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How are Jordanian musicians adapting Western pop songs into Arabic?

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Kalamesque is a group made up of Jordanian musicians, and they’re adapting Western pop music into classical Arabic songs.

Ayyoub Tam is a member and founder of the musical group. He speaks seven languages, and it was his passion for his mother tongue, Arabic, which inspired him to establish the organization.

Despite some 420 million Arabic speakers worldwide, he believes the use of classical Arabic in pop music is declining.

He hopes to highlight the language in his band and restore the youth’s faith in Arabic.

“What makes the Arabic language important in the music industry is its own musicality, the rhythms, the rhymes, the flow, sometimes it feels like its sung without even a melody to it,” says the musician.

Translating hits

Kalamesque in the recording studio

Kalamesque’s first single, a translated version of Beyoncé’s “Crazy in Love”, was released in 2016.

The song went viral with over 5.8 million views as of November on YouTube.

Tam has continued to work with local musicians, translating and producing more than 20 covers from artists such as the Backstreet Boys and Selena Gomez.

Despite their popularity, funding has been a challenging issue.

“The first couple of songs were produced by me and a friend of mine, then the process turned out to be quite costly,” Tam told Euronews.

Everlasting melodies

Bait al Nai is another institution attempting to save the traditional Arabic nay flute, present in the works of famous Arabic singers such as Uum Kalthoum and Fairuz.

The group was established in 2018 by four flautists who had an interest in the instrument.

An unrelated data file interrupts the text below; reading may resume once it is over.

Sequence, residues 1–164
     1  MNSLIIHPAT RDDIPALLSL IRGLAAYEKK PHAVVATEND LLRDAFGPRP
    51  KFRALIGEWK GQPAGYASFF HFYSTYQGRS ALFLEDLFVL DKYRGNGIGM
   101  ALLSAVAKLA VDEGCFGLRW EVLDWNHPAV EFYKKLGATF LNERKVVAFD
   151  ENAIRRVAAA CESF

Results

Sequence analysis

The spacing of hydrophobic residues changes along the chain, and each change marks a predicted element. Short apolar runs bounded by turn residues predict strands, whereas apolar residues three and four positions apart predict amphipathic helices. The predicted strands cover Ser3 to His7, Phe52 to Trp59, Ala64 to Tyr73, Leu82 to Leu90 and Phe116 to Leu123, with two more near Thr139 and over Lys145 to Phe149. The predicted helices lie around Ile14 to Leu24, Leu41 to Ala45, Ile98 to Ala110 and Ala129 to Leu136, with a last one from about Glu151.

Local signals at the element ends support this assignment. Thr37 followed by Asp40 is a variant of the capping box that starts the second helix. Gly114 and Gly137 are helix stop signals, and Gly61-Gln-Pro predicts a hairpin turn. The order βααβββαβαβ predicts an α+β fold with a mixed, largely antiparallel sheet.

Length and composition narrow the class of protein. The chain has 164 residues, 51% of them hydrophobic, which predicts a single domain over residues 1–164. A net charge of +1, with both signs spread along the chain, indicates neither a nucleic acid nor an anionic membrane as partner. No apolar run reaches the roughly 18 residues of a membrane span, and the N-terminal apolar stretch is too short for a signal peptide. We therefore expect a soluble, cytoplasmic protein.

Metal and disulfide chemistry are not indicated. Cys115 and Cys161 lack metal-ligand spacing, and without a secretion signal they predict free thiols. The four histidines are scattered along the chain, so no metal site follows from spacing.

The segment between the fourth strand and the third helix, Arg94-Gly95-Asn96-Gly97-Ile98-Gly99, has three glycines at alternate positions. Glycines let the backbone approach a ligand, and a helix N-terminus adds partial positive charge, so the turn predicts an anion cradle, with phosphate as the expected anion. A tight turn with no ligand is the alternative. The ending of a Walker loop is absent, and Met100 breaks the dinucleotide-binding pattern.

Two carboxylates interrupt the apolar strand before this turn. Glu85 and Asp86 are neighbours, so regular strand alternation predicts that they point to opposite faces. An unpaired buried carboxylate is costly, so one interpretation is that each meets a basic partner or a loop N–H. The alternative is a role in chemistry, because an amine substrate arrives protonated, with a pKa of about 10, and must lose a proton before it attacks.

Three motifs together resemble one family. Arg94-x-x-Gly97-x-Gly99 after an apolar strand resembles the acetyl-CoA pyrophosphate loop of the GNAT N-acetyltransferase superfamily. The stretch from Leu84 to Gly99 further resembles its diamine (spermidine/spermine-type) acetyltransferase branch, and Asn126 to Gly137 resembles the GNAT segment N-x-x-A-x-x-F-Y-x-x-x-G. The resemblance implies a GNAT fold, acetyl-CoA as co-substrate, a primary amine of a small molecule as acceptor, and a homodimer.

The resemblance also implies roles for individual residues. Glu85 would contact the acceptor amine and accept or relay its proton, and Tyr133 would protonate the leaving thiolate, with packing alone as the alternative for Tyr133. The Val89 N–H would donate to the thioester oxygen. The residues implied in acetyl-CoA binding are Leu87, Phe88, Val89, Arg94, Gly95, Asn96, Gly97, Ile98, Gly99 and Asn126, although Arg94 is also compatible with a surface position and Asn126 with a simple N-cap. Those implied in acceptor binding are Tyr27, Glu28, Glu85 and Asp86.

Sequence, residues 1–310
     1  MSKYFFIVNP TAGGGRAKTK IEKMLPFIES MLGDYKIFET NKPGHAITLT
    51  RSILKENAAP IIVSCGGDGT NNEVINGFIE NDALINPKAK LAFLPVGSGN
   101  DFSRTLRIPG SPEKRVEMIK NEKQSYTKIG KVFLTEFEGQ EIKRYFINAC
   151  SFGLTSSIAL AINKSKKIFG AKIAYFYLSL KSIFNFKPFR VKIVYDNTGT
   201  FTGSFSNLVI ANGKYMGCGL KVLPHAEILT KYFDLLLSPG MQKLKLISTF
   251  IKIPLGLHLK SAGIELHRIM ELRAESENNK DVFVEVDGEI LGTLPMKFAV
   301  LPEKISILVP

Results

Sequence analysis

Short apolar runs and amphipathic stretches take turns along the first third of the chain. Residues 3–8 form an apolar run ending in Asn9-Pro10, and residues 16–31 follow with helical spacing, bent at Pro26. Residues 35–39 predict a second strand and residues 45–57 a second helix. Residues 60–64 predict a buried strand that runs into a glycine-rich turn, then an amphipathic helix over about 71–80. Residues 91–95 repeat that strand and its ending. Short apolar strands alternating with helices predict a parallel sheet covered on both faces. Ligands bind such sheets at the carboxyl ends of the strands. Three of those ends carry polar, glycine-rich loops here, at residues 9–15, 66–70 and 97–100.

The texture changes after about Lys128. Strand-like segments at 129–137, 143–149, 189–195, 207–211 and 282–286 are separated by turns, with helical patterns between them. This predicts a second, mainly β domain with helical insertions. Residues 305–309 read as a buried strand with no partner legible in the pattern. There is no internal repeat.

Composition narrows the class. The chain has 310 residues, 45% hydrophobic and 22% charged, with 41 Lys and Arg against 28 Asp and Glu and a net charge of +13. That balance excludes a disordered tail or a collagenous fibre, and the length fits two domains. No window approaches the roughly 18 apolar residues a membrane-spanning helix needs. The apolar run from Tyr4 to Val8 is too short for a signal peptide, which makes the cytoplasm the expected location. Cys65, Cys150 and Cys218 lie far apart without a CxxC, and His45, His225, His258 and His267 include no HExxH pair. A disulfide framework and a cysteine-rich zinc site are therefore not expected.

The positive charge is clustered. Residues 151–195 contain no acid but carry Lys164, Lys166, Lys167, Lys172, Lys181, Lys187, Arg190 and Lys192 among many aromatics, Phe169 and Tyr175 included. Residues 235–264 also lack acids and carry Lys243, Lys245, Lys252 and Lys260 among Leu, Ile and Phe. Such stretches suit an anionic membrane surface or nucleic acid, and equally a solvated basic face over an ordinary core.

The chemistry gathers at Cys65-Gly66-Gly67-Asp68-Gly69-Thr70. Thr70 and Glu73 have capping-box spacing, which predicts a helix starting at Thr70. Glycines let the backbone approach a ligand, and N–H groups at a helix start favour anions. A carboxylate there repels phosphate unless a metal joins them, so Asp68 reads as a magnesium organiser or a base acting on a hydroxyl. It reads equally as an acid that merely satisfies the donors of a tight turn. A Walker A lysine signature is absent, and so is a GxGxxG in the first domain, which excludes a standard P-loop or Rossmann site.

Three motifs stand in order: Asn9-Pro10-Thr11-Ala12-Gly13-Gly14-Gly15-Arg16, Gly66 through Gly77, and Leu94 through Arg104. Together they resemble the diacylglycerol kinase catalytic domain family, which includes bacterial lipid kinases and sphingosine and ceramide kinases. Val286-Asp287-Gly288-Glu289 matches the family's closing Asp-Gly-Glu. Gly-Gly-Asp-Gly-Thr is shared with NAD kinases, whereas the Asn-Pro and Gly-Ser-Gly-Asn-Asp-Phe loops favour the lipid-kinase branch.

Rabee Zureikat is a partner of Bait al Nai and she believes investing in her passion of the nay flute is a matter of cultural heritage.

Rabee Zureikat prepares to make a ney flute

“My interest in this tool began when I found out that it's one of the oldest instruments, and goes back to the times of Pharaohs 7,000 years ago. And how it was an essential instrument and is considered the ‘Mother of all wind instruments,” says the partner.

The centre also hosts performances, lessons, and nay crafting sessions.

Rabee Zureikat is a teacher at the music house who made his own nay after struggling to find a supplier for the instrument.

Zureikat now handpicks bamboo at a farm in Eastern Jordan to help supply the instrument for eager flautists, such as student Heba Ayyadi.

“I started learning at Bait al Nai not that long ago, just a month [ago] or so. I had some free time, and decided to fill it up with something useful,” says the student.

“I’m studying for a PhD in Islamic studies and figured that learning the nay would help me to reduce my stress, and it’s been a really good decision so far.”

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